On May 9, the SecureAmerica Institute (SAI), in partnership with Elbit Systems of America, hosted the Texas Manufacturing Renaissance in Fort Worth, Texas. This event convened experts in the defense and aerospace manufacturing sectors to discuss securing robust supply chains and empowering domestic manufacturing for national defense and economic strength.
“The SecureAmerica Institute is a manufacturing initiative within TEES, the Texas A&M Engineering Experiment Station,” said Rob Gorham, SAI executive director. “TEES’ charter to improve lives through applied engineering is the exact reason for hosting the Texas Manufacturing Renaissance, and we could not be more pleased with the outcome.”
U.S. production has long prioritized efficiency more than resiliency, with a focus on long, lean supply chains, often at the risk of security, sustainability and agility. This has resulted in heavy reliance on foreign sourcing, creating a pared-down U.S. manufacturing base unable to scale up and fulfill needs in times of crisis. This reconfiguration of a sustainable U.S. supply chain needs to sit at the nexus of policy, economic development, education and technology.
“America’s national security demands a resilient and secure manufacturing industrial base, and we are investing in expanding its capabilities and capacity to meet those needs,” said Scott Baum, vice president of strategy and growth for Elbit Systems of America. “We are proud to be a part of the Texas Manufacturing Renaissance to help create solutions that will develop the future workforce and close manufacturing skills gaps.”
SAI also formally introduced its Texas Defense Aerospace Manufacturing Community (TDAMC) initiative at the event — recognizing this moment as a renaissance of American manufacturing. TDAMC seeks to enable a competitive Texas manufacturing ecosystem to empower small-and-medium enterprises (SMEs) to thrive as manufacturers. TDAMC sees the introduction and adoption of smart manufacturing principles and processes to promote digitally connected factories across the supply chain as a prime enabler for SMEs.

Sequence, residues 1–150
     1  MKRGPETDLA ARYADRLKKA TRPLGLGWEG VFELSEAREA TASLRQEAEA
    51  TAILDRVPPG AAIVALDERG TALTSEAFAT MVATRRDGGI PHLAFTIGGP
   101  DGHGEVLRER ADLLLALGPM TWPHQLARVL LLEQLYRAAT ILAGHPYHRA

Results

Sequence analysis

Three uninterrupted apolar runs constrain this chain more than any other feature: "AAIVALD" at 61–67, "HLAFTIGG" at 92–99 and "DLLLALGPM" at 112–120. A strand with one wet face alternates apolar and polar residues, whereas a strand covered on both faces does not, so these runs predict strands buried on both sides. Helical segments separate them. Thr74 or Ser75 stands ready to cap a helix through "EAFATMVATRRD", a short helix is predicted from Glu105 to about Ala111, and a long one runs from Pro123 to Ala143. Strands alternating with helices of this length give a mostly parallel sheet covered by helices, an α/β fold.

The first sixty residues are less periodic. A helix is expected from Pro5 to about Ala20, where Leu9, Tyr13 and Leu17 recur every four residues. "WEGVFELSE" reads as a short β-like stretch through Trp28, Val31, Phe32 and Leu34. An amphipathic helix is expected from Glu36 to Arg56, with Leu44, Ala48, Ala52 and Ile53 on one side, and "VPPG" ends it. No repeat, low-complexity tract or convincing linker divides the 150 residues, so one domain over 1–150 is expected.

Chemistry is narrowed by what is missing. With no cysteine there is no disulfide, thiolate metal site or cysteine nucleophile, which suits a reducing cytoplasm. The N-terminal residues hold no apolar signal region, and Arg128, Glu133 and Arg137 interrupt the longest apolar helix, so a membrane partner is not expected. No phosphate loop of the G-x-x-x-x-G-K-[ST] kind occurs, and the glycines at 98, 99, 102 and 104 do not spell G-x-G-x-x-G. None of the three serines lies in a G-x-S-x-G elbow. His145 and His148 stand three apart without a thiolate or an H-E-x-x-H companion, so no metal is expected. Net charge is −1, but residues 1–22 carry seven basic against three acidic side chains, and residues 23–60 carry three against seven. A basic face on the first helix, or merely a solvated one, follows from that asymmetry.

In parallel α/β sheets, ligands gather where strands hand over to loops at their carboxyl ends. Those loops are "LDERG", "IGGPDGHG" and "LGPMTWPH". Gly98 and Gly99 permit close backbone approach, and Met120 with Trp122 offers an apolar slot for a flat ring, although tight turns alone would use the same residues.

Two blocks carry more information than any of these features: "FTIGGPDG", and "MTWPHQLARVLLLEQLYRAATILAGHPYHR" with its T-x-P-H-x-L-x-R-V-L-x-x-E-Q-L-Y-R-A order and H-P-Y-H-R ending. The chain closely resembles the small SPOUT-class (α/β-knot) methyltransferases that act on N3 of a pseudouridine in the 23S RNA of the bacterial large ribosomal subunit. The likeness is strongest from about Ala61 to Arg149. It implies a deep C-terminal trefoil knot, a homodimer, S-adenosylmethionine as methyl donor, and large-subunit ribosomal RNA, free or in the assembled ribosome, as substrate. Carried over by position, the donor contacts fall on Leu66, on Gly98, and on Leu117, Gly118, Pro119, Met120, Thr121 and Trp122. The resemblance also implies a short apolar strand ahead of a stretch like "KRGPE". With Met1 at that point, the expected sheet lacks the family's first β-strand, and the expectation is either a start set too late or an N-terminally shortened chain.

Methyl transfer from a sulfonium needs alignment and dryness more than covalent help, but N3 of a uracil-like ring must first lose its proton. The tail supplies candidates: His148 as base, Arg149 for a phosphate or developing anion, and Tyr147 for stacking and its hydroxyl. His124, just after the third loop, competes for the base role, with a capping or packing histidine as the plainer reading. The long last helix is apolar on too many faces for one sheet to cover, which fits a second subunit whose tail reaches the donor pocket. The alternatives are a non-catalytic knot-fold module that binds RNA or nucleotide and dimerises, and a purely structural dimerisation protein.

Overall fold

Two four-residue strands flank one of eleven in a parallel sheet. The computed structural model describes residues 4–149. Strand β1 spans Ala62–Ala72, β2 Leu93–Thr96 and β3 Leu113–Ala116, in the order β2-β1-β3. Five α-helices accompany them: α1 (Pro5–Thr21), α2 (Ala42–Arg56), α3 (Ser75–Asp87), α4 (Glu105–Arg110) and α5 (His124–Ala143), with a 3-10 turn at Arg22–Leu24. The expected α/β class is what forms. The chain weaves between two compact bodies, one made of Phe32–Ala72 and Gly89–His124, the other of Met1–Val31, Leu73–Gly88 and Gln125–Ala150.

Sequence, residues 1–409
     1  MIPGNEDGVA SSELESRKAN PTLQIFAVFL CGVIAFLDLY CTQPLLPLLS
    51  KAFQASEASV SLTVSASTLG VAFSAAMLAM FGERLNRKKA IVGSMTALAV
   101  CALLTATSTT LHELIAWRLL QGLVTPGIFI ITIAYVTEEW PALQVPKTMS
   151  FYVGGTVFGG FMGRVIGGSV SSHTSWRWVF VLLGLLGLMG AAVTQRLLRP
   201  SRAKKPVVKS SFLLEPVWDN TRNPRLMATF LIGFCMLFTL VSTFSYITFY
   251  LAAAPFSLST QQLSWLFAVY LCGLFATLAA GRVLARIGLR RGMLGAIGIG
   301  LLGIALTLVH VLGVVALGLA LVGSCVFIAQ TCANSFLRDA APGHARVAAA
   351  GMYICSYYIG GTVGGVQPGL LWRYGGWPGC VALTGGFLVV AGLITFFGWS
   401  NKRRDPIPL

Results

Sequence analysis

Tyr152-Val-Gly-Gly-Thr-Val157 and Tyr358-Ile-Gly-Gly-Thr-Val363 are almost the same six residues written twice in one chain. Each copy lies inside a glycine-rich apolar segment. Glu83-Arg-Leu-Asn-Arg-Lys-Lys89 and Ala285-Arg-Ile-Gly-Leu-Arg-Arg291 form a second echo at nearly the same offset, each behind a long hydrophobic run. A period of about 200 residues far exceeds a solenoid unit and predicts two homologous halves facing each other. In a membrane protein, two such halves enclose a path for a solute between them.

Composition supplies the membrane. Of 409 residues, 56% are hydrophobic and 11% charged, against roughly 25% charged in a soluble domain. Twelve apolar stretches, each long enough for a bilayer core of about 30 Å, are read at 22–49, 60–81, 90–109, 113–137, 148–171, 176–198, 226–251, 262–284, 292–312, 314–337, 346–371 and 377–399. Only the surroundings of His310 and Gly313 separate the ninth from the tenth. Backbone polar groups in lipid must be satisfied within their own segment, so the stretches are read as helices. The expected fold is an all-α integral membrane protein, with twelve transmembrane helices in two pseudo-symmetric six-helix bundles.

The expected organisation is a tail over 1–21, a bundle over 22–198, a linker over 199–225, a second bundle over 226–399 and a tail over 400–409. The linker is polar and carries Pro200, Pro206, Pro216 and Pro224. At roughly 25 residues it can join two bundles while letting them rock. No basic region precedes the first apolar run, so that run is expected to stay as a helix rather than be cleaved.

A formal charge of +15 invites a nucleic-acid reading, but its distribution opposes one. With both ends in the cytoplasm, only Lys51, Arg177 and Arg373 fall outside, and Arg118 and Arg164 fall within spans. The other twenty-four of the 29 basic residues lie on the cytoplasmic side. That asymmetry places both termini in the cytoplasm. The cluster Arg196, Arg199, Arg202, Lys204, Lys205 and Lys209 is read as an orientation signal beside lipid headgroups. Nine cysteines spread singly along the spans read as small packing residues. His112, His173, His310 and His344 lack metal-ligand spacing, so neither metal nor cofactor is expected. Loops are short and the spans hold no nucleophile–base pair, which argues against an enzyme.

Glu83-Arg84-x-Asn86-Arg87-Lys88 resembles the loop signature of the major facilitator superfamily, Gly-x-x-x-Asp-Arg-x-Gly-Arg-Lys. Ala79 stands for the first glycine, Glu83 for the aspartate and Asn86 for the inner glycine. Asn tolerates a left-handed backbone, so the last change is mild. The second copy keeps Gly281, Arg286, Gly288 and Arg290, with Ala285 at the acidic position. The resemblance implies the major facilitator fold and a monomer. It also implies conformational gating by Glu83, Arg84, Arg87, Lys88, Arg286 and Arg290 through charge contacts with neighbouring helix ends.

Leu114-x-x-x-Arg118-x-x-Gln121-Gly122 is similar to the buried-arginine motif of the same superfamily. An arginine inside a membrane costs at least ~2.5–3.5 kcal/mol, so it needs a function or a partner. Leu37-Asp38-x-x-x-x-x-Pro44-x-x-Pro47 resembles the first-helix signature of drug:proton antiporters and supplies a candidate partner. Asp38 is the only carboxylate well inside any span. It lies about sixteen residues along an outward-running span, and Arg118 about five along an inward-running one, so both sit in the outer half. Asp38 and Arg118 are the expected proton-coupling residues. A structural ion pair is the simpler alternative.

“The smart factory represents a leap forward from more traditional automation to a fully connected and flexible manufacturing system that uses a constant stream of data to communicate, analyze and use information to drive effective decision-making back in the physical world,” said Mark Cotteleer, managing director for supply chain and network operations at Deloitte Consulting, LP.
Approximately 98% of U.S. manufacturers are SMEs and comprise a complex supply chain network that is the backbone of all domestic manufacturing — including support for the defense aerospace segment. Declining manufacturing competitiveness, especially within this sector, is a national challenge impacting both America’s security and economic infrastructure.
“The Texas Manufacturing Renaissance provided us with an opportunity to gain valuable insight into industry needs and the solutions we can implement through TDAMC,” said Scott Terry, program director for TDAMC. “We were able to communicate the importance of introducing targeted smart manufacturing skills and technologies into the Texas defense aerospace manufacturing ecosystem.”
The dynamic discussions about the need for an abundant and skilled workforce highlighted the fundamental importance of establishing a renewed manufacturing narrative that extends beyond technology innovation. TDAMC aims to focus on several of these aspects to address workforce shortages that risk the country’s competitive edge within the manufacturing sector and may threaten the future prosperity of the United States.